I was really humbled by her response. I asked if she wanted to help those women, if that was the kind of work she wanted to do. She smiled at me again, this time showing her teeth. She nodded. I told her that it was very admirable of her to be so compassionate. She wanted to tell me more. “It’s a struggle. It’s hard for parents to have children with developmental disabilities… It’s not easy.” She went on, describing a struggle, but struggling to describe it, “I know from my own experience, it’s very difficult, I know how difficult it is.”

I asked her what her experience was. She very candidly replied, “Well I don’t know you, so I’m not going to tell you.” We both started laughing. Fair enough.

Leila pulled out an apple from her bag and started eating it. I returned to work on my laptop. She noticed that she was chewing her apple loudly and that bits of the apple were falling out of her mouth as she ate it. She started apologizing to everyone around us for it. I just smiled at her, it didn’t bother me in the slightest. A couple of minutes later she pulled out a notebook and a pen from her bag. I couldn’t tell what she was writing down because it was concealed behind my laptop screen. I reminded myself that it was also none of my business and I returned to my work.

She laughed. “That’s really funny.” She found the fact that I was Lebanese amusing, but she wouldn’t tell me why. I started to laugh too. She then asked me: “What’s Lebanon like?” I described it to her – the Mediterranean Sea, the mountains, the food, the nature. I also mentioned that it was chaotic and busy, not as orderly as the city we were in. She got excited and asked, with childlike enthusiasm, if there were any animals in Lebanon and I told her about the foxes and the wolves in the forests. She then asked me to show her a picture. I showed her a picture of Beirut’s coastline and of the Pigeon rock. She grabbed my phone and stared at the photos with wonder. She kept repeating how beautiful it was.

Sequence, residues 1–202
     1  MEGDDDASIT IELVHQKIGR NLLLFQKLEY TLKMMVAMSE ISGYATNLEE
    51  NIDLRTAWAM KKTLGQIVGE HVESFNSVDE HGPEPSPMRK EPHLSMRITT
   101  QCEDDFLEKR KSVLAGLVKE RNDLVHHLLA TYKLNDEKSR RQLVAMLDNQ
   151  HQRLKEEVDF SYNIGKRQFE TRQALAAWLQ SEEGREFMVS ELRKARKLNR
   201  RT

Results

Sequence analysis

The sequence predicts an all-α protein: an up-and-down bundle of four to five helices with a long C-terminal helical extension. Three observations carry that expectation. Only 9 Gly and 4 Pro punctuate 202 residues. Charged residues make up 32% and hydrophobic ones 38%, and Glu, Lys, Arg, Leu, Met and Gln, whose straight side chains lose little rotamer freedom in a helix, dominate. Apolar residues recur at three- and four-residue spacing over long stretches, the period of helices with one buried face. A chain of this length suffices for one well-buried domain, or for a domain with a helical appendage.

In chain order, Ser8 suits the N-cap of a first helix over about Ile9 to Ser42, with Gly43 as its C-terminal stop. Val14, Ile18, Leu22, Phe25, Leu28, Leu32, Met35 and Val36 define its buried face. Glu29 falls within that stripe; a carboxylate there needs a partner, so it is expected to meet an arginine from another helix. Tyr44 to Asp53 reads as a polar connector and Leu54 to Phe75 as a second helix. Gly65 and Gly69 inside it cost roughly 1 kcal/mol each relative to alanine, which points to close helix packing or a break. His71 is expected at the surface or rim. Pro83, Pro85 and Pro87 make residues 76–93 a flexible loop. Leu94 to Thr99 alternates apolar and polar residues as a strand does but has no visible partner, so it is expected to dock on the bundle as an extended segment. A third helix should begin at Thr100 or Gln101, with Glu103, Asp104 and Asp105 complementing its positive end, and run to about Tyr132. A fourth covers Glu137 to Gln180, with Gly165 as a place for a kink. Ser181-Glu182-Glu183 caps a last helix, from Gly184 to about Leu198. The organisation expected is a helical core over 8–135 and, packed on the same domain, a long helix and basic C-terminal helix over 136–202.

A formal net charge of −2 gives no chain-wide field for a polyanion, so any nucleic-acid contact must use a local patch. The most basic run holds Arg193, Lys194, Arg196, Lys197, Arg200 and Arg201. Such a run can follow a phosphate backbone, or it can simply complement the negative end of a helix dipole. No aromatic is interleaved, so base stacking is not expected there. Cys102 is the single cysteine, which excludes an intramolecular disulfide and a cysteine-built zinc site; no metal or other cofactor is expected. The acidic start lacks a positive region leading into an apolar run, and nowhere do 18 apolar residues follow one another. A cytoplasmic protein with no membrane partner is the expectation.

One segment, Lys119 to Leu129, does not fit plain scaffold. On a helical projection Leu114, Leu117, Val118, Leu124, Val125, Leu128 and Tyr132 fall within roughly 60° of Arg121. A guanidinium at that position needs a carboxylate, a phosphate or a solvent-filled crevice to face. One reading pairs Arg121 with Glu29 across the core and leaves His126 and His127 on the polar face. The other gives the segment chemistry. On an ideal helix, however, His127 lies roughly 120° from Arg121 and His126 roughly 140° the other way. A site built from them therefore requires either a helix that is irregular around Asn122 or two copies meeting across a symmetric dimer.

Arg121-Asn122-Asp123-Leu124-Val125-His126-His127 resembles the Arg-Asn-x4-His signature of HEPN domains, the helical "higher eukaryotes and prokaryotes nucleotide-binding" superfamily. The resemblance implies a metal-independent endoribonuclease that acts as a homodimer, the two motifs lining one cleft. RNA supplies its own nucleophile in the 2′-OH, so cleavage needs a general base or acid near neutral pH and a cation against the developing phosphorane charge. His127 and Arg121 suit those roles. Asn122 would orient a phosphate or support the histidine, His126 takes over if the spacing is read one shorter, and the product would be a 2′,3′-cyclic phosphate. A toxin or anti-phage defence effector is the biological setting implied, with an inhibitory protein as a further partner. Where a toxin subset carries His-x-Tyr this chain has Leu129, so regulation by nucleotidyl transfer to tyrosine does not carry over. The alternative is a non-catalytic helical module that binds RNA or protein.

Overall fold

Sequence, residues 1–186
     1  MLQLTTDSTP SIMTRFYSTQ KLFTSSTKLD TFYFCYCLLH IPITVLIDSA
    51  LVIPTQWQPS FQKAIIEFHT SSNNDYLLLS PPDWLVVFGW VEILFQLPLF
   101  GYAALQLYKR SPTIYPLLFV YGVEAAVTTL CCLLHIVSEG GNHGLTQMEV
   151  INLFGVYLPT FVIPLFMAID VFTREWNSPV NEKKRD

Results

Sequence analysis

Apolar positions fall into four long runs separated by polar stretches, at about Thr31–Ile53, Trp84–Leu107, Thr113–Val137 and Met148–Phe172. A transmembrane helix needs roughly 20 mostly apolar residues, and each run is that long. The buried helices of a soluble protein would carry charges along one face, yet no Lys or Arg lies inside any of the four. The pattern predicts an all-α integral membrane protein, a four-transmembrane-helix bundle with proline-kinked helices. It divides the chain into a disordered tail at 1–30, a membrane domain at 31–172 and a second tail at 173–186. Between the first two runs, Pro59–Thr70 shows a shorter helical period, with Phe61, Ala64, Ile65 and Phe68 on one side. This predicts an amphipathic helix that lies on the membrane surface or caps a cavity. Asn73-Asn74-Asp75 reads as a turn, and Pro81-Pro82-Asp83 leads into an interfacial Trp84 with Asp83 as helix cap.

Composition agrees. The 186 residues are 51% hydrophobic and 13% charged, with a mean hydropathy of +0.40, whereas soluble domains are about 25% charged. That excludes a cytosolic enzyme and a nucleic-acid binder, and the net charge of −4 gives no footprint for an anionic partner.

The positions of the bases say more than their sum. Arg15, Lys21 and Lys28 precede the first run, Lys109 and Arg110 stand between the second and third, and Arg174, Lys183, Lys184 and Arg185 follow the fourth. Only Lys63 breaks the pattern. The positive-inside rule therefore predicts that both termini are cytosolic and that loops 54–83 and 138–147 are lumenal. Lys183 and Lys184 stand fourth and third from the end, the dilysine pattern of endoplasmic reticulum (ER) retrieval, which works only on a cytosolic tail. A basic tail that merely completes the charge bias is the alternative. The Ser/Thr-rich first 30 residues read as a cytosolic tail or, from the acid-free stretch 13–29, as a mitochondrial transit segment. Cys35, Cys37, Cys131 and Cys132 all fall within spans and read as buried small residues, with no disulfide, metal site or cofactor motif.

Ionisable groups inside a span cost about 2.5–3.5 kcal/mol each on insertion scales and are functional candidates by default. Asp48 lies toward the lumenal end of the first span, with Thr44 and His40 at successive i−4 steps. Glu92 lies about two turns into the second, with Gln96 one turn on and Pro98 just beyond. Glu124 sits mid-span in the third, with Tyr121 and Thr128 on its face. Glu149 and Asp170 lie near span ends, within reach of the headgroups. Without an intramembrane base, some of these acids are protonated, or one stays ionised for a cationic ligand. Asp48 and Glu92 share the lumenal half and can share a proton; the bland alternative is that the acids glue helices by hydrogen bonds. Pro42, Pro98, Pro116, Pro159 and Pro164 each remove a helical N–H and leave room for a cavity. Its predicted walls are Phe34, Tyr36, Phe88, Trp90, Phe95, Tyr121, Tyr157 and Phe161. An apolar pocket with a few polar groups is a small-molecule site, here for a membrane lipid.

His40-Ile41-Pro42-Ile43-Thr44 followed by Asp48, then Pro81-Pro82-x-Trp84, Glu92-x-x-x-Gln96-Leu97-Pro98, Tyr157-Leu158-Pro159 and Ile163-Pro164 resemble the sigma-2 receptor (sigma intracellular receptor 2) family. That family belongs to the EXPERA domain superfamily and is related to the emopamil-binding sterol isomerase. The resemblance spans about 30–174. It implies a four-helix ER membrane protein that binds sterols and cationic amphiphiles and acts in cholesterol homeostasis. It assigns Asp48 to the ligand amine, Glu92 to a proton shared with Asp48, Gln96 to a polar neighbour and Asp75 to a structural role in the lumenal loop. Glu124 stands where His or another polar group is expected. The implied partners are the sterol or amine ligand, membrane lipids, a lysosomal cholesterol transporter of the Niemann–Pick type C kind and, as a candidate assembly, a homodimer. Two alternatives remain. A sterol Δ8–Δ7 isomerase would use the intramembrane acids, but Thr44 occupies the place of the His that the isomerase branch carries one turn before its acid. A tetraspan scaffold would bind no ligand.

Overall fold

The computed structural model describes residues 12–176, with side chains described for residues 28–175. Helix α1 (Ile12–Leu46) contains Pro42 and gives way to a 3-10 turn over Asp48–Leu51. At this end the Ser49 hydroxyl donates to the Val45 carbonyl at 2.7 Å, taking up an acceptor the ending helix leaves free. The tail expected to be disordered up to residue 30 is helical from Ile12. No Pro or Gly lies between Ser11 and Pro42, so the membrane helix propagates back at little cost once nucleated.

Leila picked up her notebook. I noticed she had drawn some spirals and shapes in the top right corner of the page. She packed the notebook into her bag and said, “I have to go now, but it was very nice to meet you.” I smiled at her and replied that I felt the same way. I wished her luck in her job search and that I hoped to see her one day helping the women and the disabled children she spoke of. She grinned and nodded back at me. Leila got up and patted her hair down. She buttoned up her coat and walked towards the door with her scarf dragging behind her on the floor. Her knees were slightly drawn inward as she moved forward.

The encounter with Leila reminded me and taught me a couple of things. First: Leila has something to say, she has something she’s clearly passionate about. Her surprise towards my question about her interests makes me wonder if people don’t take her thoughts and aspirations seriously because of her disability. Second: Leila shows that having a developmental disability is not the same thing as having mental weakness. These two concepts are very, very different and should not be conflated. If anything, I admire how much mental strength she has in her compassion towards others, in spite of her own challenges, and the prejudice that she may face as a result of it. Third: take a chance on people, you never know what they can teach you.

As I watched Leila leave the cafe that day I thanked myself for sitting my ass down on that uncomfortable wooden chair and sipping that stale coffee. Or else, I never would’ve met her. 

Good luck, L. I’m sure you’re gonna kill it – wherever you end up.

By Nour Chehab Eddine
@nour.ch